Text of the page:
Apparently, they ran this past their business manager, Guy Wall, who said, “Either he axes the whole quote or puts in a proviso that exempts executive bonuses.”

The other suggestion was that I ought not to allow my Jesus to say, “I’m the one who made it possible for you to have direct contact with God. You don’t need a middleman.”

It seems that the publisher’s CFO (Chief Faith Officer), Father Yo-Yo Blair, fired off this memo: “That would kill off our chances of getting that crucial nod from the American Council of Christian Churches.”

So yet again I trimmed the story and sent it back to America. It departed my “out” file in one shake of a neutrino. After all, the story was now a paragraph long.

Panicked dreams plagued me as I saw my chances of being called “One of Time Magazine’s 1,000 Most Influential Authors of 2012” going up in a puff of Vatican-roof smoke. Then, another email arrived from publishing lord Burt Rumdock. My hand shook like a palm frond in the wind, and my neck poured with a torrent of sweat as I clicked my mouse on the mail.

This is what it said: “Miraculous! Out of this world! We are now more than ever smitten with your story, and if you go along with the following minor revisions, you will be included in the new anthology, surrounded on its pages by the gods of contemporary religious writing.”

These were the minor revisions: “Your Jesus says, ‘First take the plank out of your own eye and then you will see clearly to remove the speck from your brother’s eye.’ Well, to tell you the truth, no one on our editorial board thought that they had planks in their eyes. Head of our Diplomatic Sensitivity Committee, Rev. Clinton Hillsong, said, ‘It’s sermonizing like this that sets American policy in the Middle East back by decades.’ “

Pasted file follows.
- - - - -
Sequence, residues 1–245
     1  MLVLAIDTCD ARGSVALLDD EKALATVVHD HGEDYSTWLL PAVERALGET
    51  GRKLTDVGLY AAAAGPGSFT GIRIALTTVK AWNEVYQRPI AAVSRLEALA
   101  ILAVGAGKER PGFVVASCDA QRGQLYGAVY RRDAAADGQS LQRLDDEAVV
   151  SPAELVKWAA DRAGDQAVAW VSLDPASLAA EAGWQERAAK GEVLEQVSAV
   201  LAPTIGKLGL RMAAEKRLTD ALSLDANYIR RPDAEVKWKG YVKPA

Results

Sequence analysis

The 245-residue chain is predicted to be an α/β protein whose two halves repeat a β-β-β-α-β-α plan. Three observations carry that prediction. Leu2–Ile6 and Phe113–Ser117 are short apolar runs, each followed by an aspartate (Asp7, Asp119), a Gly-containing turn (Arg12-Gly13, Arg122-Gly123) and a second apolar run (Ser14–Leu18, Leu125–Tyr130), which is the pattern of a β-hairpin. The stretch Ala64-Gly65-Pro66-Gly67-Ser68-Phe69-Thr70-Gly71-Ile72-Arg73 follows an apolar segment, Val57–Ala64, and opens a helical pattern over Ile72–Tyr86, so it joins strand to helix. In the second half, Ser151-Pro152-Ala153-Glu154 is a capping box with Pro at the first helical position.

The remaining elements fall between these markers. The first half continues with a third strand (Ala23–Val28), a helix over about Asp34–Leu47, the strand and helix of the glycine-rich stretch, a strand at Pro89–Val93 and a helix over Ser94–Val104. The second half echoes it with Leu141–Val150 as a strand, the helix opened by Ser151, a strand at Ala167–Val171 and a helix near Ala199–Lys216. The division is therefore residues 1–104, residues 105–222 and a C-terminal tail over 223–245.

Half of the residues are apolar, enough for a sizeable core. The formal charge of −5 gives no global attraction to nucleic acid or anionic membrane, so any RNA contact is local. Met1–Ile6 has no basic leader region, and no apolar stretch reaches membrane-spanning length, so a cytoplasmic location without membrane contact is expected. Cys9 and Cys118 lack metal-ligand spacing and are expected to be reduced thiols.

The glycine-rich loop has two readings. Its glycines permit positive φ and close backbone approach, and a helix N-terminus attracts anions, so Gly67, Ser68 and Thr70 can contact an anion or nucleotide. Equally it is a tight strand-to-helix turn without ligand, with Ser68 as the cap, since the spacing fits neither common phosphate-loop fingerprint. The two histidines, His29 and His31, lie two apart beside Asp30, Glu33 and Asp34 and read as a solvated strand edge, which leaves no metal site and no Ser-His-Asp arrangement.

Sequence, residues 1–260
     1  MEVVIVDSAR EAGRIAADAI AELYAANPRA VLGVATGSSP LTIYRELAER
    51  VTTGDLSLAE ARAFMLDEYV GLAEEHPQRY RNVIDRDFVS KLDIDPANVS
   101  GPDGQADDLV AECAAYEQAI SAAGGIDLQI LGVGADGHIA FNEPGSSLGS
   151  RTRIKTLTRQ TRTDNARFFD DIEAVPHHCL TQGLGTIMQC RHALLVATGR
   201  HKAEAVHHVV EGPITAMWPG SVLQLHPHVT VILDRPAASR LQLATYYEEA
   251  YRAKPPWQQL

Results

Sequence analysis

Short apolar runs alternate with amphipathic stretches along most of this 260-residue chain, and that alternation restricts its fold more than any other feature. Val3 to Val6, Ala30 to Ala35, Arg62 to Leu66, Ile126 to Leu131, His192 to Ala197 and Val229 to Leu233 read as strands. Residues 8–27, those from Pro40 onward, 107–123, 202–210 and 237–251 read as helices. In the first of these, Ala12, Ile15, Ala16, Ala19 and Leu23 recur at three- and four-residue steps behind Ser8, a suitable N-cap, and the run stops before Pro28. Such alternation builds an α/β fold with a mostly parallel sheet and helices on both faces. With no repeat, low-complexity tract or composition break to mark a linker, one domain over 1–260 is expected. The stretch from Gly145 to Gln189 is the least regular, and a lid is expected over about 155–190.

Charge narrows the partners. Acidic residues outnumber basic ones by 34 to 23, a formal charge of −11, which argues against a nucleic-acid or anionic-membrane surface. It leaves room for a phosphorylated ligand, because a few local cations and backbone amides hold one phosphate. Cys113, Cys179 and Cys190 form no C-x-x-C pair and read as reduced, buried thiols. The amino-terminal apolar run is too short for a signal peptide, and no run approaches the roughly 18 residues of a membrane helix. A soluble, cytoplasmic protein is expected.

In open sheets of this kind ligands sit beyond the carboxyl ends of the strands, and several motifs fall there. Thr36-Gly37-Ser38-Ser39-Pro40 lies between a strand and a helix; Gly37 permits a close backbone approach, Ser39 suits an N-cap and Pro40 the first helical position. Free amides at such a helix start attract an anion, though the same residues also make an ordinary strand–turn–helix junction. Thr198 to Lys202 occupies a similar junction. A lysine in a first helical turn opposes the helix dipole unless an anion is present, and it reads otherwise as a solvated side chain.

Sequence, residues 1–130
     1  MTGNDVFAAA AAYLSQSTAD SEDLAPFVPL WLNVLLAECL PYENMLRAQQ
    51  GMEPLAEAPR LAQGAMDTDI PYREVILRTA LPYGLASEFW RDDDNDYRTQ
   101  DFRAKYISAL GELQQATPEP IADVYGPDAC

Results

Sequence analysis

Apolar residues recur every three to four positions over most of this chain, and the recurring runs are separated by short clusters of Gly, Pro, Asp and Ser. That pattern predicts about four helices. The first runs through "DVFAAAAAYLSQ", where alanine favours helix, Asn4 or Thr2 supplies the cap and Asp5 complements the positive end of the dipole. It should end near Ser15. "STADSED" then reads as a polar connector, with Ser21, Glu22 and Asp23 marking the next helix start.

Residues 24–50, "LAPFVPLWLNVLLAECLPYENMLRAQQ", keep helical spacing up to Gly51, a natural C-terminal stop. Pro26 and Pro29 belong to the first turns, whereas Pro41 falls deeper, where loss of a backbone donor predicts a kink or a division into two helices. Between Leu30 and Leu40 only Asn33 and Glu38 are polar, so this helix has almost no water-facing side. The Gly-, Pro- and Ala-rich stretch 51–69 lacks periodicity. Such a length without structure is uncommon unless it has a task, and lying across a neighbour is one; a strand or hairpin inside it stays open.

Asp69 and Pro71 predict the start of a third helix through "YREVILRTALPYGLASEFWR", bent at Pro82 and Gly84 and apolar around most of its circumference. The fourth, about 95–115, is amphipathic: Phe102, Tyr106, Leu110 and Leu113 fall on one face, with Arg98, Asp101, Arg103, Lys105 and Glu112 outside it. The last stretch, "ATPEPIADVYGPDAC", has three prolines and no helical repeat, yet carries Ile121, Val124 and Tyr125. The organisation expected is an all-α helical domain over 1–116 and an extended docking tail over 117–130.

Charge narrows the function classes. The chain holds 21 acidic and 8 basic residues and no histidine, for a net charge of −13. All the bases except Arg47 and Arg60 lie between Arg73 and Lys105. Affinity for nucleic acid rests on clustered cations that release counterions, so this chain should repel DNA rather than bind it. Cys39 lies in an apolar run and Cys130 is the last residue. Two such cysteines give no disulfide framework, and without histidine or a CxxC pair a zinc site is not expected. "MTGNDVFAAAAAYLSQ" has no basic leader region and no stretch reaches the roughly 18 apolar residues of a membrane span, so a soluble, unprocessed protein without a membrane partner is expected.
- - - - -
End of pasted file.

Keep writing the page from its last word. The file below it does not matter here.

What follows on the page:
The second requested revision concerned my hero running into the Dallas branch of the Bank of America and screaming, “Do unto others as you would have them do unto you!”

“We regret to inform you,” wrote the almighty Mr. Rumdock, “that no Jesus of ours would risk being refused a home loan through such rash behavior.”

When I deleted those two sections of my story, it was only one line in length. Frankly, it was hard to see Oprah or Time waxing lyrical (or any other way) over a piece of fiction with only one period in it. I was, however, prepared to resubmit my story — until I read the last line of the email . . .

“Finally, we are prepared to include your story in our new all-American anthology of religious pieces if you make just one more little change. That concerns the title. All of the people working here felt that your title, ‘American Jesus,’ was inappropriate for the American market. Your so-called American Jesus struck us neither as American, nor as Jesusesque, a term we like to bandy about here. If you accede to changing the title and deleting the first and only sentence of your story, we will be ecstatic enough to publish it in our new anthology.”

In a PS he added three little words of encouragement, or something: “Keep the faith!”

Well, I am happy to report to you, dear reader, that I cut the one and only sentence left in my story, changed its title and resubmitted it to that leading American publishing house.

Like a bolt from the blue, back came an email bearing the joyous tiding that my great work had passed the board unanimously.

Look for me in your magazines and on your television screens next year, as author of the title, “The Greatest Story Never Told.”

Get ready, my friends, to shout to the high heavens in shock and awe: “He’s back! Pass the ammunition! He’s back!”